[    4.316014] mmc1: new HS200 MMC card at address 0001
[    4.317121] mmcblk1: mmc1:0001 NCard  28.9 GiB
[    4.317923] mmcblk1boot0: mmc1:0001 NCard  partition 1 4.00 MiB
[    4.318831] mmcblk1boot1: mmc1:0001 NCard  partition 2 4.00 MiB
[    4.319497] mmcblk1rpmb: mmc1:0001 NCard  partition 3 4.00 MiB, chardev (236:0)

$ sudo mmc extcsd read /dev/mmcblk1 | grep CMDQ
[sudo] password for rock64:
Command Queue Support [CMDQ_SUPPORT]: 0x01
Command Queue Depth [CMDQ_DEPTH]: 8
Command Enabled [CMDQ_MODE_EN]: 0x00

$ lsblk
NAME         MAJ:MIN RM  SIZE RO TYPE MOUNTPOINT
mtdblock0     31:0    0    4M  0 disk
mtdblock1     31:1    0   32K  0 disk
mtdblock2     31:2    0  256K  0 disk
mmcblk1      179:0    0 28.9G  0 disk
|-mmcblk1p1  179:1    0  3.9M  0 part
|-mmcblk1p2  179:2    0   64K  0 part
|-mmcblk1p3  179:3    0    4M  0 part
|-mmcblk1p4  179:4    0    4M  0 part
|-mmcblk1p5  179:5    0    4M  0 part
|-mmcblk1p6  179:6    0  112M  0 part /boot/efi
`-mmcblk1p7  179:7    0 28.8G  0 part /
mmcblk1boot0 179:32   0    4M  1 disk
mmcblk1boot1 179:64   0    4M  1 disk

$ head /boot/extlinux/extlinux.conf
timeout 10
menu title select kernel
default kernel-4.19.0-dev

label kernel-4.19.0-dev
    kernel /boot/vmlinuz-4.19.0-dev
    initrd /boot/initrd.img-4.19.0-dev
    devicetreedir /boot/dtbs/4.19.0-dev
    append rw panic=10 init=/sbin/init coherent_pool=1M ethaddr=${ethaddr} eth1addr=${eth1addr} serial=${serial#} cgroup_enable=cpuset cgroup_memory=1 cgroup_enable=memory swapaccount=1 root=LABEL=linux-root rootwait rootfstype=ext4 mmc_cmdqueue=off

I now have 32GB Foresee card working with mainline kernel. Of course there's the trouble of manually adding the new parameter to extlinux.conf but it's certainly less annoying than non-booting system Big Grin This is not a fix for the problem and I don't know if the real problem is with eMMC card, driver or RP64 itself. But at least there's now a workaround. I'm just about to open a pull request for the change to ayufan's repo so it can be merged if seen appropriate.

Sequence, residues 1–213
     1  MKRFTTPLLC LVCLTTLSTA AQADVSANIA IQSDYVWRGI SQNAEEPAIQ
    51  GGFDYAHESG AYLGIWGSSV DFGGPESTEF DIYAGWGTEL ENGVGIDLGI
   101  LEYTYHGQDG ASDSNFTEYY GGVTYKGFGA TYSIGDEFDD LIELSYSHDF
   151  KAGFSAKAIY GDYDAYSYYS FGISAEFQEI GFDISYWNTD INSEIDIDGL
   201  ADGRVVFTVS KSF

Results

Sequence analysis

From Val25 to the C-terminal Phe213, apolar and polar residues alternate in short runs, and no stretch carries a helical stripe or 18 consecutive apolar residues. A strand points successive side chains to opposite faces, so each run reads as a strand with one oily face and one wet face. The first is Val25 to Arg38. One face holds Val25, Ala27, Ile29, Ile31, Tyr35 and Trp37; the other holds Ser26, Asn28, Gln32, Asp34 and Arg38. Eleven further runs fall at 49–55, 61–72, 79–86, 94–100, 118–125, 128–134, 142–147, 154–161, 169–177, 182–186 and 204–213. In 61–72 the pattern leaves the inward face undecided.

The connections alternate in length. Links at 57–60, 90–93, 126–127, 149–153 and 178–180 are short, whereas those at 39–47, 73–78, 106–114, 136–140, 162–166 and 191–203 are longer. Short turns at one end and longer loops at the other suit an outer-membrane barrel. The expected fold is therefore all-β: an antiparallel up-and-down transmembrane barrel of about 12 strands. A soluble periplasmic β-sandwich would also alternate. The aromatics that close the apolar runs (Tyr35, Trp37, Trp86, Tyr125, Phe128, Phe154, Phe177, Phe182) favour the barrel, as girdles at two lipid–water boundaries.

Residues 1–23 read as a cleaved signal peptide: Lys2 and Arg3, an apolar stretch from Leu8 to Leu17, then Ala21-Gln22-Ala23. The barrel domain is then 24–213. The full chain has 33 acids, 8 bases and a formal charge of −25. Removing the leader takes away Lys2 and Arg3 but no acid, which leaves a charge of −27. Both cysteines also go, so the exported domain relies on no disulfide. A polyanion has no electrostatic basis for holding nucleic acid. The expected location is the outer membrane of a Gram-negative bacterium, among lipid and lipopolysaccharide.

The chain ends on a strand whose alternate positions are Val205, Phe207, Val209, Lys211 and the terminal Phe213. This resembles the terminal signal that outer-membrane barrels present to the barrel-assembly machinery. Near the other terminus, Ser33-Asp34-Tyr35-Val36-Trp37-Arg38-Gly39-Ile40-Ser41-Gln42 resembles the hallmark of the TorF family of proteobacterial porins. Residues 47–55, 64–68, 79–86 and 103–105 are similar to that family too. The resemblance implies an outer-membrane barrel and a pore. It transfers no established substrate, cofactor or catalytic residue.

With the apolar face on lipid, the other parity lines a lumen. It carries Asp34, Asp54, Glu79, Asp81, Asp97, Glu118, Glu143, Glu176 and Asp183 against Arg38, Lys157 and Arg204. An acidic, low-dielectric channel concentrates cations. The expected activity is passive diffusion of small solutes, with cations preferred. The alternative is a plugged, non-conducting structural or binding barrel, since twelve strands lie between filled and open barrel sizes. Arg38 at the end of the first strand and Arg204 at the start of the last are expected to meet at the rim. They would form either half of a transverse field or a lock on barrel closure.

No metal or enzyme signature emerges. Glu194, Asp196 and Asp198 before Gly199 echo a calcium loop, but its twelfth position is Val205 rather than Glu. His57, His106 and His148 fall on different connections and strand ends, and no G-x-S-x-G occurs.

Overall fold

#43
(11-19-2018, 08:04 AM)nuumio Wrote: I now have 32GB Foresee card working with mainline kernel. Of course there's the trouble of manually adding the new parameter to extlinux.conf but it's certainly less annoying than non-booting system Big Grin This is not a fix for the problem and I don't know if the real problem is with eMMC card, driver or RP64 itself. But at least there's now a workaround. I'm just about to open a pull request for the change to ayufan's repo so it can be merged if seen appropriate.

@nuumio: Your patch works perfectly for me! Thank you for posting it. I was tinkering around with device tree files but gave up after a while, even though I had an inkling that it was related to CMDQ!
#44
(12-04-2018, 12:37 PM)Deathcrow Wrote: @nuumio: Your patch works perfectly for me! Thank you for posting it. I was tinkering around with device tree files but gave up after a while, even though I had an inkling that it was related to CMDQ!

You're welcome Smile  Check #Rock64 irc logs from last Saturday and Sunday too. stikonas had a different patch that removed CMDQ from Arasan driver. That one works too (tried it on 4.20-rc4).
#45
(12-04-2018, 02:03 PM)nuumio Wrote:
(12-04-2018, 12:37 PM)Deathcrow Wrote: @nuumio: Your patch works perfectly for me! Thank you for posting it. I was tinkering around with device tree files but gave up after a while, even though I had an inkling that it was related to CMDQ!

You're welcome Smile  Check #Rock64 irc logs from last Saturday and Sunday too. stikonas had a different patch that removed CMDQ from Arasan driver. That one works too (tried it on 4.20-rc4).